If you're new to Daily Fantasy Sports (DFS), it can be intimidating trying to dive right in. However, DFS can be picked up relatively fast, especially if you're an experienced fantasy player already.
What is DFS?
Traditional fantasy sports go on for a full season, with a draft to determine who owns which players. There are many different formats, but that general principle remains the same. Along with that comes in-season moves, such as trades, waiver wire acquisitions and moving players to Injured Reserve.
In DFS, a salary system is implemented rather than a draft, with the player pool limited to those participating in games that day. And, unlike year-long fantasy, both you and I can have the same player(s) on our respective rosters. As a result, the team you have today probably won't be the one you have tomorrow. Overall, it's less of a commitment.
What does this look like?
On DraftKings, you're allotted $50,000 to create a six-player team of two guards, three forwards and one utility. As expected, better players are more expensive. For example, if you want someone of EuroLeague MVP Luka Doncic's caliber, you'll have to shell out a significant chunk of your $50,000 salary, in turn sacrificing depth. On the other hand, it can be a viable strategy to build a more balanced team, which often comes with less risk.
The scoring works as follows:
Points: 1 fantasy point
Made three-pointer: 0.5 fantasy points
Assists: 1.5 fantasy points
Rebounds: 1.25 fantasy points
Blocks and steals: 2 fantasy points
Turnovers: -0.5 fantasy points
Double-Double:1.5 fantasy points
Triple-Double: 3 fantasy points
Some basic strategy
I often start my team-building process by noting if there are any key injuries on the slate. DraftKings does not change players' prices once they are set, so a backup can end up outplaying his expected value if he ends up starting. For instance, if Edy Tavares ends up spraining his ankle during pregame warmups, Gustavo Ayon could draw the start. But he would still be at his normal reserve price, giving him expanded upside.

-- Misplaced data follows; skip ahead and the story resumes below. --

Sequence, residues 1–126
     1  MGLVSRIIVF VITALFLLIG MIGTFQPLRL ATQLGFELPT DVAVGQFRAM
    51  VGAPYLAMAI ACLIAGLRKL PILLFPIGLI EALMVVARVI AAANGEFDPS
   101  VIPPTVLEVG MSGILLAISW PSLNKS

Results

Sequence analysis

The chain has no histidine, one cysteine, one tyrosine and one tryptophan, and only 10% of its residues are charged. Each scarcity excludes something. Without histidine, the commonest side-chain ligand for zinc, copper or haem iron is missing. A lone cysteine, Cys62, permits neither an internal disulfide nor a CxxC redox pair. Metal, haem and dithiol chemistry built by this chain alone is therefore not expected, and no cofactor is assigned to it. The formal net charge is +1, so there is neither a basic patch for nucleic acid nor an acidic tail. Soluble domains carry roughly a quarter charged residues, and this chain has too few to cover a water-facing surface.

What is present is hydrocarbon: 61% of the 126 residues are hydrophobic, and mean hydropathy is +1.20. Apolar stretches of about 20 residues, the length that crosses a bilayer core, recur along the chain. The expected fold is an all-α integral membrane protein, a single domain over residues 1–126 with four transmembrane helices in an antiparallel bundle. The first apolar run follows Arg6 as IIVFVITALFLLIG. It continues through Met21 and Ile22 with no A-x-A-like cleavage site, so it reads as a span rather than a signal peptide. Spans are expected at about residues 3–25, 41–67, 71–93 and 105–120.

Pace is also something to consider. A faster pace results in more possessions, which equals more stats. Generally, it's safer to avoid players who are on a slow-paced team. However, if they playing a fast-paced team, they have a greater chance of outpacing their averages and returning good value relative to their price. The opposite goes for players on fast teams facing off against slow teams -- it's not as likely they'll reach their averages. Obviously, there are nuances based on matchups. Pace isn't the be-all end-all in player selection. But looking at pace can help be a deciding factor if you're trying to choose between multiple players for one roster spot.
On the topic of matchups, exploiting teams' weaknesses is also important in DFS. Don't be afraid to dig a bit into the some team stats to find an upper-hand. It doesn't take long to discover that Brose Bamberg was the worst rebounding team in the EuroLeague during 2017-18. Knowing that, it could make sense to deploy the opposing team's center.
What kind of contests are out there?
There are two primary types of DFS contests: Tournaments and 50/50s. Tournaments have fewer winners, but those with higher scores are rewarded with more money. Taking first place in a tournament, while very rare, can net you massive return on investment.
Conversely, 50/50s reward the top half of scores with double their entry fee. However, the highest scorers don't net any additional reward. Tournaments and 50/50s are often referred to as GPPs (Grand Prize Pools) and Cash Games, respectively.
Experienced DFS players often build different lineups based on contest. Theoretically, you'll want to build a safer lineup with a higher floor for 50/50s, while taking a chance with a riskier lineup in GPPs, hoping for a massive payout.
Ultimately, beginners should explore all the various types of contests to find something that fits their preferences. The safest way to go about things is to get your feet wet with some low-cost 50/50s to minimize risk and get used to DFS.